Selling Good Men to the Night; Musings on the Discworld Novel, Night Watch
Book title: Night Watch
Author: Sir Terry Pratchett, OBE
Sir Terry Pratchett, OBE (1948-2015) was delivered to eternal repose by family and close friends in a private ceremony a few days ago.
Fans would like to think that he was collected by a certain Anthromorphic Personification of skeletal figure atop a pale and magnificent horse (named Binky). He would be remembered for his many literary achievements (he might deny this allegation, but he took it out of his power to object by leaving us early to avoid the rush).
He left us with a generous unseen estate called Discworld, a flatdisk shaped planet, boarded on top of four giant elephants, riding on top of a giant turtle-the Great A’Tuin. Four decades and 40 novels later, Discworld continues to wade into the universe surviving many catastrophes such as racism, injustice, gender inequality, blind faith, wars, extinction via historical meddling, quantum anomalies or whatever new troubles the wizards at Unseen University are currently brewing.
But whatever challenge it is, Discworld’s inhabitants triumph, because Sir Terry Pratchett would not suffer hopelessness to infest his creation. There is redemption for everyone, even in Death.
If there is an episode in all of Discworld that would remind me of Sir Terry Pratchett’s deep hope for humanity, and I think very suited to the moods of our time, it was in Night Watch, the 27th Discworld novel published in 2002.
It was Sam Vimes’ dark night of the soul. After a glitch in the fabric of time and space, he was transported back to a past where the system don’t work for the people, where a few good men can die like flies. The elite squabble for power, and the shadows and whispers of revolution lurk in the streets of Ankh-Morpork.
A hopeless era where there is no justice.
In one of the most poignant moments in the book, Sam Vimes, was his plain old copper self. Not Commander, not Duke of Ankh, not an expectant father, not husband, just himself holding a relic of his future, faced with an impossible choice. He can change things now, in this past. He has the power and wisdom to prevent the death of his men. But that would mean he will lose his future, where he was successful, where he has a son.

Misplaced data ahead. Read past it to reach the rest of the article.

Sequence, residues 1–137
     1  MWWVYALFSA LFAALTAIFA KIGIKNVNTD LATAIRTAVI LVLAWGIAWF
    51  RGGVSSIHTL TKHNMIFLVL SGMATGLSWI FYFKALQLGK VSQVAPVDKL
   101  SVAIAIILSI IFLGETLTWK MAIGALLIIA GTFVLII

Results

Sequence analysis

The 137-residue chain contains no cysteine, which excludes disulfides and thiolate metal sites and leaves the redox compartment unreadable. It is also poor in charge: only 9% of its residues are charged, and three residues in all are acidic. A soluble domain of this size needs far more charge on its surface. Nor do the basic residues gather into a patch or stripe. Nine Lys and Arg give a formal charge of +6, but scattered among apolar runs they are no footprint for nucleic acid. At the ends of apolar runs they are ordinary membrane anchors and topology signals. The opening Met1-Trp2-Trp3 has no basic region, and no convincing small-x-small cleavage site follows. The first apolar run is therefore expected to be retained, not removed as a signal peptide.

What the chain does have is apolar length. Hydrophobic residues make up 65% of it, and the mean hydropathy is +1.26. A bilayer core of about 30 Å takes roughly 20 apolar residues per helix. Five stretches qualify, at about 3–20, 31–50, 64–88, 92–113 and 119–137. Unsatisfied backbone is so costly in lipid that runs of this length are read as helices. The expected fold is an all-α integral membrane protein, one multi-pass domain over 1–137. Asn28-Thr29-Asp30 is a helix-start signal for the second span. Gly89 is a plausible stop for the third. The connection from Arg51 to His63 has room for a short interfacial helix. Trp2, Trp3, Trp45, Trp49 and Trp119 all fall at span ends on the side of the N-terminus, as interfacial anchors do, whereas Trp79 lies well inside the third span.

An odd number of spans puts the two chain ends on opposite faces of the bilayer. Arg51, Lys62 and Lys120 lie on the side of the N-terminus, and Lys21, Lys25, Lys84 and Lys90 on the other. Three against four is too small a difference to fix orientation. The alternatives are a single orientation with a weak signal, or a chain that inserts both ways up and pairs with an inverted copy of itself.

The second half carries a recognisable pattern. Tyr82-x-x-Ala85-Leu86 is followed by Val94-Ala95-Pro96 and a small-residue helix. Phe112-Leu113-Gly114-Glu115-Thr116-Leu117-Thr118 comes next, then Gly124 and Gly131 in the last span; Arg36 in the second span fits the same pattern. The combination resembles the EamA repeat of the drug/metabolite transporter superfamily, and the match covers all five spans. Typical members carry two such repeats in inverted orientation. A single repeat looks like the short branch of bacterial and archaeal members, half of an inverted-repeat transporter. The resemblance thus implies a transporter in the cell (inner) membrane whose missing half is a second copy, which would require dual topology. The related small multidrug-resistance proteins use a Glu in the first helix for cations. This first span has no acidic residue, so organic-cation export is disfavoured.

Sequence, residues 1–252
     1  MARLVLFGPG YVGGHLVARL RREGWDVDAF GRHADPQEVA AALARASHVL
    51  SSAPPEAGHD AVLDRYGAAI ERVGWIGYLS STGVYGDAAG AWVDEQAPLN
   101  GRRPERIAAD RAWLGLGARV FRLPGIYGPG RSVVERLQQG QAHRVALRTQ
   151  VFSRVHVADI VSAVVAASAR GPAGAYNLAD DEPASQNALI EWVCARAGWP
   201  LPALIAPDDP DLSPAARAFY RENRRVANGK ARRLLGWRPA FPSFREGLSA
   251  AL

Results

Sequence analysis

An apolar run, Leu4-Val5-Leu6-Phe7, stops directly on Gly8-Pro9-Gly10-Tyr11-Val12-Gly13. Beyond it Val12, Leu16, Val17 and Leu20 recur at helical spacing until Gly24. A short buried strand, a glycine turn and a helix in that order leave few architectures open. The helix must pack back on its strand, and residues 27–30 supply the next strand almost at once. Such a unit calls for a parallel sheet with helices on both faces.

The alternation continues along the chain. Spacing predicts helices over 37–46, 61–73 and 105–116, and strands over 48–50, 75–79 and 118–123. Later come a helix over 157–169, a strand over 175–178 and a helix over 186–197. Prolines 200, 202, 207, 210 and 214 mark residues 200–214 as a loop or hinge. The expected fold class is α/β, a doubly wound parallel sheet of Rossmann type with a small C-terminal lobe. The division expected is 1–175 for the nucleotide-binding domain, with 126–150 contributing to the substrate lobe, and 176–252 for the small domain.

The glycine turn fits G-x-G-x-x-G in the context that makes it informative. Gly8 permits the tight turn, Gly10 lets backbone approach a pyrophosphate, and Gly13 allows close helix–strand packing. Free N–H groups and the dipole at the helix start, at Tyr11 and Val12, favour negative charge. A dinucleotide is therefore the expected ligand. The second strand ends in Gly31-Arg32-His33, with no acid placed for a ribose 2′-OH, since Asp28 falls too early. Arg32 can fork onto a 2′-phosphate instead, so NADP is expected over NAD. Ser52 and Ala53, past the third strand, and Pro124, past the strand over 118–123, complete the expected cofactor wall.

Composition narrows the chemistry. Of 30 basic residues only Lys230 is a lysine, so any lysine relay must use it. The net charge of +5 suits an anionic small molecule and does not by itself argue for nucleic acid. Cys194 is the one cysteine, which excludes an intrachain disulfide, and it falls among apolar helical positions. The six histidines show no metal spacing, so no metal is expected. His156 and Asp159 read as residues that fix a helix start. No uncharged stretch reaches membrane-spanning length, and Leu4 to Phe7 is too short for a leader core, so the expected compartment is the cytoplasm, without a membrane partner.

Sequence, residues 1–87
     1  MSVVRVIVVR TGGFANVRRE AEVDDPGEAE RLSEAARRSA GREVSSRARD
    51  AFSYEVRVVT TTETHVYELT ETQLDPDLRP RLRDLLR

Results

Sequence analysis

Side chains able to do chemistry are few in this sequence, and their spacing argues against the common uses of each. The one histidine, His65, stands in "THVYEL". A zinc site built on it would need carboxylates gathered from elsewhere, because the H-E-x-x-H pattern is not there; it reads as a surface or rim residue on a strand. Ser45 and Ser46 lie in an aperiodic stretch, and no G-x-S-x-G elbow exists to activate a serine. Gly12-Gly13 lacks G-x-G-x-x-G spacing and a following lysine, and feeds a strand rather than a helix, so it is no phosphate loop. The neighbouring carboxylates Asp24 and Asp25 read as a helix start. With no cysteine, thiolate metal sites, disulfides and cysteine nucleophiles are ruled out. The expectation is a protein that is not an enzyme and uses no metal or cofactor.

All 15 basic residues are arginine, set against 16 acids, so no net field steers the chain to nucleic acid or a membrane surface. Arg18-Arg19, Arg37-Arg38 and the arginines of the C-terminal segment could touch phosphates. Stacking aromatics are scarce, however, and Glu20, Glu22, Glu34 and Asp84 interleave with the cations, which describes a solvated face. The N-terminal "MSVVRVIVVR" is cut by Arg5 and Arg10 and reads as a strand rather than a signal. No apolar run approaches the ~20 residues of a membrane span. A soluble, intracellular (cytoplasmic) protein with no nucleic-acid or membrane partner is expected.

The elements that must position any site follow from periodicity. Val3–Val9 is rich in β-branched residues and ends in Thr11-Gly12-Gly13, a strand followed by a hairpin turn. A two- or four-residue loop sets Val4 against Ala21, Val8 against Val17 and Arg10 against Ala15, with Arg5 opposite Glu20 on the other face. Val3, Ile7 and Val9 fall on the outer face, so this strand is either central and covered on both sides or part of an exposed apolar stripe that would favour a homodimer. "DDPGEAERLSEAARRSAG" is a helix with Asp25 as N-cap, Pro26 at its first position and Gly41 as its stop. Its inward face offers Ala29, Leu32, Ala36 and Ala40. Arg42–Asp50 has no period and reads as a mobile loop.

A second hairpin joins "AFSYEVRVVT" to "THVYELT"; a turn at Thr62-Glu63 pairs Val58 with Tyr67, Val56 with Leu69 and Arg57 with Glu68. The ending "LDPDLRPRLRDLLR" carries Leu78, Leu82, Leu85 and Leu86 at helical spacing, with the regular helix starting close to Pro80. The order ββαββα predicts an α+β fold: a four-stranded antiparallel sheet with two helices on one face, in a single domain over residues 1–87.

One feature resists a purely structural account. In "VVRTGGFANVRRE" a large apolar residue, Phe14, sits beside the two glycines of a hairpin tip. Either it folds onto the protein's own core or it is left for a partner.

“ He wanted to go home. He wanted it so much that he trembled at the thought. But if the price of that was selling good men to the night, if the price was filling those graves, if the price was not fighting with every trick he knew…then it was too high.
There was no universe, anywhere, where Sam Vimes would give in on this, because if he did then he wouldn’t be Sam Vimes anymore.
The writing stayed on the silver but it was blurred now because of the tears welling up.”
Those words make me pause sometimes. The books of history memorialized the names of men who came and conquered. We remember their tales and build mythologies around them. But we forget those unremarkable fellows who was also there but didn’t want to. Sam Vimes is willing to relinquish all his honors, his own mythology, his own history so he could do those few men justice.
“THERE IS NO JUSTICE, JUST ME,” Terry Pratchett’s Grim Reaper used to say.
There may be no justice in Discworld even in our world, but there is always hope, and we cling to that until we tremble at the thought of it.
And I would remember the man, whom we have memorialized, created an elaborate myth around, the writer we look up to, and say: That man is a great man not because of his achievements but because he reminded us that we can be saved.
Sir Terry Pratchett continues to fight the disease that took him (early on-set Alzheimer’s). His contribution into public awareness of the disease has increased public donations to the Alzheimer’s Research Trust.
Who knows how many lives he will save in the future?